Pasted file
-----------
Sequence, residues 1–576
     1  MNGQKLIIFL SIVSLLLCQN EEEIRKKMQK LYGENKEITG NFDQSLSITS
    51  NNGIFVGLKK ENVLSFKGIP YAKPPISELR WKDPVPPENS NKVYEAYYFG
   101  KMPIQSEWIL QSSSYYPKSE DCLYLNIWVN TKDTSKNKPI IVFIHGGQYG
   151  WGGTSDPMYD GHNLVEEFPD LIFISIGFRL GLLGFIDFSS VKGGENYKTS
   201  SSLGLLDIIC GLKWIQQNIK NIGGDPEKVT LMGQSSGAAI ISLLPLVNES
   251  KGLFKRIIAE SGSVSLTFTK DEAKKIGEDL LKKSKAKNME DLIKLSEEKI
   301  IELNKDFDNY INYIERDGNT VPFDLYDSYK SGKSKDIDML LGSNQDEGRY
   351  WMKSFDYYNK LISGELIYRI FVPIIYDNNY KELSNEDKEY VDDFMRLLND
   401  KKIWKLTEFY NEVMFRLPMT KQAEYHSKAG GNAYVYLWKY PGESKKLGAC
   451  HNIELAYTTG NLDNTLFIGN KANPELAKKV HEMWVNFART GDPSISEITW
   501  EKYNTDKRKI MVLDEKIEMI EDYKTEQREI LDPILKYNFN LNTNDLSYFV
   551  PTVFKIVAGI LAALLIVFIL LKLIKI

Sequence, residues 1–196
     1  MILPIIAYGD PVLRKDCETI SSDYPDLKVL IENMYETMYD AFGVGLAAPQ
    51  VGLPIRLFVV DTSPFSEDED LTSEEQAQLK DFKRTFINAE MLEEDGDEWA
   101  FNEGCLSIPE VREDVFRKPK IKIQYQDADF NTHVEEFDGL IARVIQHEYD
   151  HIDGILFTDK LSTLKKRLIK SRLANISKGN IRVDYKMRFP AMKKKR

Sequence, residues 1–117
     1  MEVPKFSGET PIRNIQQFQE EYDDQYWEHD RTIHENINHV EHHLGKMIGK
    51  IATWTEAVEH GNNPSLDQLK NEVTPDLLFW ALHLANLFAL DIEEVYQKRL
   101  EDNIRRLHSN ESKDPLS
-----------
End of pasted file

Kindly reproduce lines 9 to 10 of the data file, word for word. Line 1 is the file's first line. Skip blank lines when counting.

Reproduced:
   351  WMKSFDYYNK LISGELIYRI FVPIIYDNNY KELSNEDKEY VDDFMRLLND
   401  KKIWKLTEFY NEVMFRLPMT KQAEYHSKAG GNAYVYLWKY PGESKKLGAC